Justice Shekhar Kumar Yadav observed in his twelve-page judgement that cows should be considered to have fundamental rights entrusted to them by rejecting bail of a man, known by Javed, belonging to the Sambhal district of Uttar Pradesh, India. The judge is said to have made clear that cows are of extreme importance not to just Hindus but all the other religions, especially to those people who are financially dependent on them. Thereby upholding them to the honourable status of the national animal of the country. The judge went as far as to say that the right of beef-eaters cannot override the right of worship where a section of the society is cow-worshippers, slaughtering them should meet with severe consequences. In his words, he stated, “Cow protection and promotion are not about any one religion but the cow is the culture of India and the work of saving the culture is of every citizen living in the country irrespective of religion or worship[1]”. One of the questions that arise from such a statement is who made cow the culture? Why not peacock is considered as culture or pigeon or even eagle?

It is needless to say that the culture to worship cows primarily stems from Hindu society. Some other cultures may share the belief or understand it and even respecting it does not mean they have adapted the same. An individual can accept others’ thoughts and opinions without having to change their beliefs for that is the essence of secularism. To tolerate what one doesn’t necessarily believe in but they understand the significance of it for their fellow citizens. Mistaking this understanding as an acceptance would be foolish. Since Hindus are more in majority in the country, this kind of imposition can soon give rise to breakouts. It is in the nature of the minority to look for instances of oppression and such a kind of statement from the justice does not help the situation.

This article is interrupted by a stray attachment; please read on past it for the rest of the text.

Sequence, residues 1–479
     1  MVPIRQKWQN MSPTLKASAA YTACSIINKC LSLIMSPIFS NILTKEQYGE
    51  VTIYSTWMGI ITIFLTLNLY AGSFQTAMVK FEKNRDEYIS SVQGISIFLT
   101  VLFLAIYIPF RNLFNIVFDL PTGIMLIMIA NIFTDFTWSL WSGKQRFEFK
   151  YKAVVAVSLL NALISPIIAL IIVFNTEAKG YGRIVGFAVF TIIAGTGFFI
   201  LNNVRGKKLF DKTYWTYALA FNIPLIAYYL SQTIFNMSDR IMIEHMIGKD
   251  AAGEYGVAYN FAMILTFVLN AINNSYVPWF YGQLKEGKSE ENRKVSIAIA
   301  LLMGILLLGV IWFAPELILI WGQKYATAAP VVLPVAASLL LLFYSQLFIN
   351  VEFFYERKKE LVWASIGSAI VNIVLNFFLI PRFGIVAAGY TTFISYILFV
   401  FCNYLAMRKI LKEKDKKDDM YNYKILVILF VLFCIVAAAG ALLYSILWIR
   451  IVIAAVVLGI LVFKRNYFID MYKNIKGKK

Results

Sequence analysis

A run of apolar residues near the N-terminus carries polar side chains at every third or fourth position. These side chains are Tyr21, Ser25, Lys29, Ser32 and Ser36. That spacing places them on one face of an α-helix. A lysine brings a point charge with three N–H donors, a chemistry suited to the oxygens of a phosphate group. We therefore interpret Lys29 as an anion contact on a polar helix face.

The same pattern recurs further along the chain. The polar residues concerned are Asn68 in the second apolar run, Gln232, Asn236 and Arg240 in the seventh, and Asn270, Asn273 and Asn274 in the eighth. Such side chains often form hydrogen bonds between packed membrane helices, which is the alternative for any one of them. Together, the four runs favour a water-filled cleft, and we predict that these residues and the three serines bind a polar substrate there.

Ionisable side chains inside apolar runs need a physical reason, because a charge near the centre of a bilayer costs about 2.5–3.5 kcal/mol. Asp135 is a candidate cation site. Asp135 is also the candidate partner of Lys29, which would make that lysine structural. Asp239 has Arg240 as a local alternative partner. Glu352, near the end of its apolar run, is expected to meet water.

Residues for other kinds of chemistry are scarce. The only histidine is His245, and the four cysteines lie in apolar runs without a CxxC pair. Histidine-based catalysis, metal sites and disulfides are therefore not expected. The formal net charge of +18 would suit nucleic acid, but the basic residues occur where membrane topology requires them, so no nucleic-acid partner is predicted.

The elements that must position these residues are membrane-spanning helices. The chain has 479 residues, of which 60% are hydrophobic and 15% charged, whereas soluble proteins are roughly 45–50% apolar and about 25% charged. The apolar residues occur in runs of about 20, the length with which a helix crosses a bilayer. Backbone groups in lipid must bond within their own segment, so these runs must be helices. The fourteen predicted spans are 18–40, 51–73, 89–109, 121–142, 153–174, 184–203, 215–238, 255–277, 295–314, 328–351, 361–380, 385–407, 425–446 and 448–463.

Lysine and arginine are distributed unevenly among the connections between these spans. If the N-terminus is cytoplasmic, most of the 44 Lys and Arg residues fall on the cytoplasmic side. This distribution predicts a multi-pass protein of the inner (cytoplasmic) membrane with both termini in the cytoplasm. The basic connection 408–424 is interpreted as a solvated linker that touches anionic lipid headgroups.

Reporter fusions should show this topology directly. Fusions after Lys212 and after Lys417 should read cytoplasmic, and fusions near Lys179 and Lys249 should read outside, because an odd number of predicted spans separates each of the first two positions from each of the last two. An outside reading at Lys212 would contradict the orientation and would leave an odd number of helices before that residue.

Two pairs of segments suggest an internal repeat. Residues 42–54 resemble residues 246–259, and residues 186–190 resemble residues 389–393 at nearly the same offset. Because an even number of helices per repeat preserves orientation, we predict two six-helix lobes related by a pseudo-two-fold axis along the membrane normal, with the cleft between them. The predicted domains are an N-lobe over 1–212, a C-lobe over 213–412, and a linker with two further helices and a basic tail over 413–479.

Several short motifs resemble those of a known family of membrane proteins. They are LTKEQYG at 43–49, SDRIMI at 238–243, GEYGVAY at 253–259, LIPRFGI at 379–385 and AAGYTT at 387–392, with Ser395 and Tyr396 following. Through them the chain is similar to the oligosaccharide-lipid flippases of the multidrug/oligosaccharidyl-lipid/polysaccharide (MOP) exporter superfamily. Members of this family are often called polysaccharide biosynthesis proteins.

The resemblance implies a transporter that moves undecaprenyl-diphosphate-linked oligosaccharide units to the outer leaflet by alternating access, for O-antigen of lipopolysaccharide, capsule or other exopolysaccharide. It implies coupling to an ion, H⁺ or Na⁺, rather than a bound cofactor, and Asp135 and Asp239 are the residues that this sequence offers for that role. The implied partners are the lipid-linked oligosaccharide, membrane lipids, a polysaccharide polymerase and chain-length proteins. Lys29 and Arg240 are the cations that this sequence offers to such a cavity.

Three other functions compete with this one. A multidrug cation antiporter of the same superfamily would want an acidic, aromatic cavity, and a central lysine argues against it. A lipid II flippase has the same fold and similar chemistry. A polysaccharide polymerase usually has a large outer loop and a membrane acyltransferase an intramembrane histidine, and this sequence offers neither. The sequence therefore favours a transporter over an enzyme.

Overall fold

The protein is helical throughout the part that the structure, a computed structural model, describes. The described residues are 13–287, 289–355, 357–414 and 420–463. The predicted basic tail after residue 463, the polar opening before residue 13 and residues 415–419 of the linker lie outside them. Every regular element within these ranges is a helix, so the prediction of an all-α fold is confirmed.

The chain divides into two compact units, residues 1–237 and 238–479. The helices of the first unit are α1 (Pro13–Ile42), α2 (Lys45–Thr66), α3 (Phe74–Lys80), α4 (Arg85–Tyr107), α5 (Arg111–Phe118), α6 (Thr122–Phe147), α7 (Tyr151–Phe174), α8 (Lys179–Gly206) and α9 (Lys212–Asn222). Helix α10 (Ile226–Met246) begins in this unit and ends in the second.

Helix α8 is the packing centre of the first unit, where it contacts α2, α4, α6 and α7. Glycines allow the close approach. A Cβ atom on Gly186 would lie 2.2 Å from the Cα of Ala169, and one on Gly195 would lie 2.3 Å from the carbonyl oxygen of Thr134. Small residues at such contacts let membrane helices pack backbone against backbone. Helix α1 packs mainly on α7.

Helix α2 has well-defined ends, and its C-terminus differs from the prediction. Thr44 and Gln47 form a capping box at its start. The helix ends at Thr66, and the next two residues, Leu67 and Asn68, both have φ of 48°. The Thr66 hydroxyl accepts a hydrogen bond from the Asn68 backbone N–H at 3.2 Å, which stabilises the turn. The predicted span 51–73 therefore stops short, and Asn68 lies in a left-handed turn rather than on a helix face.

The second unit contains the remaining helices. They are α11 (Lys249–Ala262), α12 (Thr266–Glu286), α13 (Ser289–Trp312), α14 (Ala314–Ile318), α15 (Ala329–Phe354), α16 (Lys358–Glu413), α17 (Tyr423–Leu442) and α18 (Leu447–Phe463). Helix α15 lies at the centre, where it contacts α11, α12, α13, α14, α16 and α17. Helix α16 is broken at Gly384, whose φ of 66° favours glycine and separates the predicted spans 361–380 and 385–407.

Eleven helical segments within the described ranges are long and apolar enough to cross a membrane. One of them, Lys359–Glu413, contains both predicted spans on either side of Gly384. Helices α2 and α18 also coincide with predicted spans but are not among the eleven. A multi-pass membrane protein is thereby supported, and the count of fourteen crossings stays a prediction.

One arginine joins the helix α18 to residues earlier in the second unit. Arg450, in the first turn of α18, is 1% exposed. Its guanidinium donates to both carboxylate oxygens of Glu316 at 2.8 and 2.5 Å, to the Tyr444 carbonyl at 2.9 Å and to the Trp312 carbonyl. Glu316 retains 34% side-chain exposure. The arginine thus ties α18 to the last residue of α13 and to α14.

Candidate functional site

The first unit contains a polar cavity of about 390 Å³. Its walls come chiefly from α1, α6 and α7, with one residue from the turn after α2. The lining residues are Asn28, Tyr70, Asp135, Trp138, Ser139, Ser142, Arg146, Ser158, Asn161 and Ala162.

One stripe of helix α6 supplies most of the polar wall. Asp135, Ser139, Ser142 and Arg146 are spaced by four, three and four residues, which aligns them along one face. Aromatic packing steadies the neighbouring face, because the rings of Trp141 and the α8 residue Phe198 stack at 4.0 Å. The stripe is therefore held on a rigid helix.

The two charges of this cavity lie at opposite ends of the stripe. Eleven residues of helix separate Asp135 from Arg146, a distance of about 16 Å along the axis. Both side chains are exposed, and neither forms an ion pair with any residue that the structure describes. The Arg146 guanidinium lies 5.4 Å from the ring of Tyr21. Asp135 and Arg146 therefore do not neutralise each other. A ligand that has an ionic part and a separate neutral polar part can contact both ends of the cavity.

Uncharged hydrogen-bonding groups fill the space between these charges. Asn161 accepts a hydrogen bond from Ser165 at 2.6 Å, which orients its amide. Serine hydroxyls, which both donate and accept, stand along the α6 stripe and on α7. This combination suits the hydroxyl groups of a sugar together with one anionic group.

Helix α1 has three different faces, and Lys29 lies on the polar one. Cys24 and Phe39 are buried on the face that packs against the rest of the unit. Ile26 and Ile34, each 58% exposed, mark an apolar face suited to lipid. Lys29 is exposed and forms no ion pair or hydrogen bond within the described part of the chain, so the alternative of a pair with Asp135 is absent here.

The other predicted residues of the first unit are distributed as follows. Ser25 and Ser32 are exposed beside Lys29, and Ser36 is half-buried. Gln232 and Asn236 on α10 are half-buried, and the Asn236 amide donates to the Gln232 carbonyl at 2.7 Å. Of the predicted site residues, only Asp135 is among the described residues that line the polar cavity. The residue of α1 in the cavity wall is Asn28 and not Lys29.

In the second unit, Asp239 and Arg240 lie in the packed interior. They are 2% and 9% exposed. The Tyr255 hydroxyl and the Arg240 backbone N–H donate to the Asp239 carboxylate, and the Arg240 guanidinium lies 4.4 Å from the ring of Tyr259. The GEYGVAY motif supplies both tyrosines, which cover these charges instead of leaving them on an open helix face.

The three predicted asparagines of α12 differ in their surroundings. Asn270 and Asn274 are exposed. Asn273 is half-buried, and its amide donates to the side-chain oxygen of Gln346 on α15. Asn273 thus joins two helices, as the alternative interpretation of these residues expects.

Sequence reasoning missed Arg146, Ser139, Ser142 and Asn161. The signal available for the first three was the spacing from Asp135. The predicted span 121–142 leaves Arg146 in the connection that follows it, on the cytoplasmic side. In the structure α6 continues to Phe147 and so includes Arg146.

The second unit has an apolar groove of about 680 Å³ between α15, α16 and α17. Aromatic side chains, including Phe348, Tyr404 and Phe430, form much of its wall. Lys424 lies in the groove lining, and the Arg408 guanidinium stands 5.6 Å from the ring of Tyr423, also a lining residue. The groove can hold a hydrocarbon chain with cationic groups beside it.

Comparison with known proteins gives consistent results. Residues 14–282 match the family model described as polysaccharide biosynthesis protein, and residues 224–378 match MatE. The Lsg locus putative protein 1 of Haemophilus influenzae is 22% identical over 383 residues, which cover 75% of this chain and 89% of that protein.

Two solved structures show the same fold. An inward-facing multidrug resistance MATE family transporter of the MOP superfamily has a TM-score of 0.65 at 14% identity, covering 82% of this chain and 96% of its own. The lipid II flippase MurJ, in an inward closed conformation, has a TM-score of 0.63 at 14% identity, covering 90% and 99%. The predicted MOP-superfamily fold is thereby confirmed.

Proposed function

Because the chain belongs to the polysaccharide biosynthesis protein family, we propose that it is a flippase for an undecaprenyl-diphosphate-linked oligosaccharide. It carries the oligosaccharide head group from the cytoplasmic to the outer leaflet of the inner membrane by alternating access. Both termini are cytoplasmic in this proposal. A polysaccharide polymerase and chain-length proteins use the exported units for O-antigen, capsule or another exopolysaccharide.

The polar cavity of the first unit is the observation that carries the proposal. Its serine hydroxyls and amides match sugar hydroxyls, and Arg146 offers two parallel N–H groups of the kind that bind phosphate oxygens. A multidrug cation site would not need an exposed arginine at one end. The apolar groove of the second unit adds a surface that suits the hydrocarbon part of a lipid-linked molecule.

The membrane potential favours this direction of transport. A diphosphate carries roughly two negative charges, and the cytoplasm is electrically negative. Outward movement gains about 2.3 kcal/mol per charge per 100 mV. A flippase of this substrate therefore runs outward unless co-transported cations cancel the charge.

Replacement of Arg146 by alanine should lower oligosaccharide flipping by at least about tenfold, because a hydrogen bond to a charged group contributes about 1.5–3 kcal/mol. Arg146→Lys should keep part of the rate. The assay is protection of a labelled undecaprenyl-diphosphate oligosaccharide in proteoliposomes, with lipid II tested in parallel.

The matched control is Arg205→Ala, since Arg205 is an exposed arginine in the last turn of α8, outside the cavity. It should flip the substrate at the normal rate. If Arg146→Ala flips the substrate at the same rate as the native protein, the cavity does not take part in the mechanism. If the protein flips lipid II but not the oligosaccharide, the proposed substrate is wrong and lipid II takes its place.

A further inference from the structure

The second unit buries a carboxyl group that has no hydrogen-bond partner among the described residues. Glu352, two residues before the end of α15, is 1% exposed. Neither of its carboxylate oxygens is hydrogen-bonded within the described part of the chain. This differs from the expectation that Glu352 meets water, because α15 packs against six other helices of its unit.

Though there is no uniform legislation to prevent cow slaughter, various states have come up with their own version of the former with a varied range of penalties. In 2020, the revised bill for cow slaughter brought before the parliament was an improvised version of a law passed by the ruling party back in 2010. Having state laws serve a better purpose because the Hindu population varies from state to state. Centralised law for cow slaughter will render all the other cultures and religions helpless for no attempt would be made to analyse whether their culture supports cow meat or not. As of today, Arunachal Pradesh, Nagaland, Sikkim, Meghalaya, Manipur, Kerala, Goa, Daman and Diu, West Bengal and Tripura are most of the places where they do not have a law preventing cow slaughter. The main reason lies with the inhabitants of these places who are primarily tribal thus, consuming beef is not per se prohibited but a part of the culture that they have been brought up in. surprisingly enough many of these places have a Hindu majority, still, the people have lived along with others who consume beef without letting it divide them.
In the same judgement, he has also been found to state, “India is the only country in the world where people of different religions live, who may worship differently, but their thinking is the same for the country and they respect each other’s religions. They respect the customs and food habits. In such a situation, when everyone takes a step forward to unite India and support its faith, then some people who have no faith in the interest of the country, commit such acts to weaken it[2]”.